A quick start and a first
Jaccob Slavin started the game off with a bang, netting his first goal of the season just 30 seconds into the first period. Svechnikov opened up the scoring chances early, with two quick shots in the first few seconds, but it was Slavin who was able to capitalize on a double-screen five-hole opportunity. With 47 shots taken so far this season, Slavin was finally able to light the lamp and open the scoring.
The Canes dominated in every sense of the game during the first 20 minutes. They led the Jets 15-5 in SOG, were able to produce a goal and were additionally able to create chances and turnovers left and right.
Special teams have a (mostly) successful night
The Canes had to kill off just one penalty in the first period, but they were able to use it to their advantage. Carolina held the second-best PK unit in the league before the game, and it showed during those two minutes.
During that first kill, there were a plethora of shorthanded chances, which is no surprise for the Canes, but being able to utilize the loss of a man on the ice is a talent that can be the difference maker between a win and a loss.
They did allow one goal while shorthanded, but after four penalty kills, the Jets were simply able to adjust to their gameplay and score one on the man-advantage. The same was true of the Canes power play, though, as the last goal in the second period took place on the power play before Carolina scored another on the man advantage in the third.
All in all, a few mistakes were made, but it was a good night for the special teams.
Jarvis comes home
Rookie Seth Jarvis returned home to Winnipeg for the first time in his NHL career and he did not disappoint. Late in the second period, Jarvis notched an assist on Martin Necas’ goal that gave the Canes a 3-2 lead going into the third period.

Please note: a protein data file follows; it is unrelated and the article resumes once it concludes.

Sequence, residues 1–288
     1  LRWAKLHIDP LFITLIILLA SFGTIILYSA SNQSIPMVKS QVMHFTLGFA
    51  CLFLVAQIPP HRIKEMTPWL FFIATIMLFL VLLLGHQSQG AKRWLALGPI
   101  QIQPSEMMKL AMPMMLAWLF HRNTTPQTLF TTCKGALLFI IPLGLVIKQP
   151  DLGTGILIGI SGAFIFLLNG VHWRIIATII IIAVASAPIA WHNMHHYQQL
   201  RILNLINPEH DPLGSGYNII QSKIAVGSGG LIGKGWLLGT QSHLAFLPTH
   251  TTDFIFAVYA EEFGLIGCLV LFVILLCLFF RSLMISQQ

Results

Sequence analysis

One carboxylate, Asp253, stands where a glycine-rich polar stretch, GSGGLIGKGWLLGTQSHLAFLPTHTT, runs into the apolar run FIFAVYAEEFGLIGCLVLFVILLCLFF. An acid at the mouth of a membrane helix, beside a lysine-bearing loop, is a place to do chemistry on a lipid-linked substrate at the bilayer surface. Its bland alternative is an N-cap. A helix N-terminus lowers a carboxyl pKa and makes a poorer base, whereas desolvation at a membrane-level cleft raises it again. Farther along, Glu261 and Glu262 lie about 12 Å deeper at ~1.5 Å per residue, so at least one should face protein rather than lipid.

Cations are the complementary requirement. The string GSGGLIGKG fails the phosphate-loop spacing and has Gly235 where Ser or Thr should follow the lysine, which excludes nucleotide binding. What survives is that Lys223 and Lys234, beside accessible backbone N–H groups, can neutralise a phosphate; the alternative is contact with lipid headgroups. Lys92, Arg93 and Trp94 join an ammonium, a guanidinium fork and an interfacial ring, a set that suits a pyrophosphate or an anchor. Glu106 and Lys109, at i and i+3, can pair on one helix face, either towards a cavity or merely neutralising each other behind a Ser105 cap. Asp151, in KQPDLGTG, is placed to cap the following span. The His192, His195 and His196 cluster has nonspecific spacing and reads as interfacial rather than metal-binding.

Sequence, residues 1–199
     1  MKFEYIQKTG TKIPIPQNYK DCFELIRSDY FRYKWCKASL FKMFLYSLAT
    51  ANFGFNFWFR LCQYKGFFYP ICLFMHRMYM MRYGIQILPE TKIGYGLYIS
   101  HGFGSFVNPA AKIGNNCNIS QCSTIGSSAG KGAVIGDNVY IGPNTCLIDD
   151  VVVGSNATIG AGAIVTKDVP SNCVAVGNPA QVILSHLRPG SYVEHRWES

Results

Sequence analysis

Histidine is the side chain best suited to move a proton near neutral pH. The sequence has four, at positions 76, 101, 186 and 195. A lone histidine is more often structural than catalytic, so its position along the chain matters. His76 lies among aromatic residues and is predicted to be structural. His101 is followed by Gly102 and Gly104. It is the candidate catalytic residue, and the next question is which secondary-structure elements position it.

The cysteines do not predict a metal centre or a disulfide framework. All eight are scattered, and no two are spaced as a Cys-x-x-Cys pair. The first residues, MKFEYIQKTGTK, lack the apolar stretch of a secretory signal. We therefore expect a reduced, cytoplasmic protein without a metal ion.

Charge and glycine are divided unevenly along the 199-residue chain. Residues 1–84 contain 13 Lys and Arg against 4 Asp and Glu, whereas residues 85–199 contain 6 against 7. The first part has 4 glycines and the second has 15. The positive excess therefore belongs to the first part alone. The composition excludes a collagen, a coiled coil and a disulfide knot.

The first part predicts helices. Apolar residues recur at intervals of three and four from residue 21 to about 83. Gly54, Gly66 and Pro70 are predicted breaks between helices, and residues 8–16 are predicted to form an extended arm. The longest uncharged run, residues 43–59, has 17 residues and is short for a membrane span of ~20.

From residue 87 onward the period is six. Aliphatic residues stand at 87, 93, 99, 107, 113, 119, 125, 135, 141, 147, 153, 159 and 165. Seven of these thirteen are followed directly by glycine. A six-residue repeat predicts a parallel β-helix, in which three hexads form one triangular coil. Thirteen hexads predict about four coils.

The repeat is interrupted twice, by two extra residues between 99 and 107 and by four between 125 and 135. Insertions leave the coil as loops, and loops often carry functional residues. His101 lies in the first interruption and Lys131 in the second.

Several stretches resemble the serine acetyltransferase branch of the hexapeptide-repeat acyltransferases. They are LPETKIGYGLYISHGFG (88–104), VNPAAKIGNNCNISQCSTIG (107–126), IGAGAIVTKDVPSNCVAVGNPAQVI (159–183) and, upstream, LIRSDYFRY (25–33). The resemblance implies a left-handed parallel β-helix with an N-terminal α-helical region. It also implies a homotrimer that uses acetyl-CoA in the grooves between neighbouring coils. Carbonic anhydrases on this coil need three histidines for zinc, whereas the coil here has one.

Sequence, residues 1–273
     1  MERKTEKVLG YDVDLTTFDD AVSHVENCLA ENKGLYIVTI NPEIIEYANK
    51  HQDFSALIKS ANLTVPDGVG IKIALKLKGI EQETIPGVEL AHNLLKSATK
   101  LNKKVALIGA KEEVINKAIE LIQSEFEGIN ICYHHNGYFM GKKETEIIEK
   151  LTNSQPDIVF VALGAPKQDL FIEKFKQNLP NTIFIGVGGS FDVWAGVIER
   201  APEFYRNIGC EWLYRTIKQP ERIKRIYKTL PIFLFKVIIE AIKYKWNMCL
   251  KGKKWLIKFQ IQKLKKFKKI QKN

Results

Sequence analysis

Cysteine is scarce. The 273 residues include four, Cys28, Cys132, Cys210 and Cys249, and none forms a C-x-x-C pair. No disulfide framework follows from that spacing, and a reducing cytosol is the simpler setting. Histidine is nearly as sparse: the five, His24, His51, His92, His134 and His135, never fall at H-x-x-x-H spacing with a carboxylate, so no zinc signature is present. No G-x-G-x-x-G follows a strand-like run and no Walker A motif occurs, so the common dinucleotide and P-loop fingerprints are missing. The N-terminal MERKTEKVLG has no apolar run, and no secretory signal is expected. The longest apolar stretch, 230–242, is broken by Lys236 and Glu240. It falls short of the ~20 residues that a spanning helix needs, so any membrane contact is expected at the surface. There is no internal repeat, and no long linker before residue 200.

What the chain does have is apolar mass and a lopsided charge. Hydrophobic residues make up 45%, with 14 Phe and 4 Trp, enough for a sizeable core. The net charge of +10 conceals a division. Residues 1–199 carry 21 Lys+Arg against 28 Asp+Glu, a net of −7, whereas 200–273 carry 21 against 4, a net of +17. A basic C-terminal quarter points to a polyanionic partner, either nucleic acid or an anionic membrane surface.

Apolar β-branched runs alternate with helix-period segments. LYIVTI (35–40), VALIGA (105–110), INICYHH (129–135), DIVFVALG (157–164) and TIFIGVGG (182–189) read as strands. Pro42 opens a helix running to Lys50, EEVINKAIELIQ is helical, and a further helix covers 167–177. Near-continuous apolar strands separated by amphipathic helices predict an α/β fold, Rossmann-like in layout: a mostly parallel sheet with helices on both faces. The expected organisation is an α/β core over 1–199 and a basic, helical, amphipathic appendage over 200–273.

“Apart from my first game, this was the coolest moment of my career so far,” Jarvis said.
This was an important play, and having upwards of 22 of his friends and family in attendance was an incredible audience for a game-altering moment. This was Jarvis’ 10th point of his rookie season in 16 games played.
A little brotherly competition
Andrei Svechnikov faced off against his brother, Evgeny Svechnikov, for the first time this season— but that’s not the only reason this could be classified as a special occasion for the Svechnikov brothers. For the first time in their NHL careers, both of the Svechnikov’s parents were in attendance for the game.
Andrei may not have made his way on the scoresheet, but he was constantly creating chances and was an underlying presence that led Carolina to last night’s win.
Aho and Necas able to score at both ends of the second
Sebastian Aho was able to net another early goal, just over a minute into the second period. It was initially challenged for goaltender interference by Winnipeg, but the call on the ice stood and the Canes were able to extend their lead by two goals and have a chance on their first opportunity on the power play.
Carolina’s power play was ranked 17th in the league before last night’s game. Despite the 18.9% success rate and their inability to score during their first shortened power play, Martin Necas was able to score a go-ahead goal with 20 seconds remaining in the second period.
This was a big momentum booster, as the Canes had just allowed two goals in a row during that period, so ending it on a good note was crucial to the win.
Cole kicked out, Canes persist
Slightly under eight minutes into the third period, Ian Cole was given a five-minute major penalty and a game misconduct for kneeing Mark Scheifele. With Cole being a major penalty kill presence, this was a substantial loss. The Canes penalty kill persisted without him and Carolina was able to kill off the major.
Holding a two goal lead, the Jets pulled Hellebuyck with 3:05 remaining. Nevertheless, the Canes persisted and were able to hold the Jets off and take the win 4-2.
The Carolina Hurricanes (17-6-1) continue their five-game road trip in Calgary on December 9 at 9pm ET, as they take on the 15-5-5 Flames at the Scotiabank Saddledome.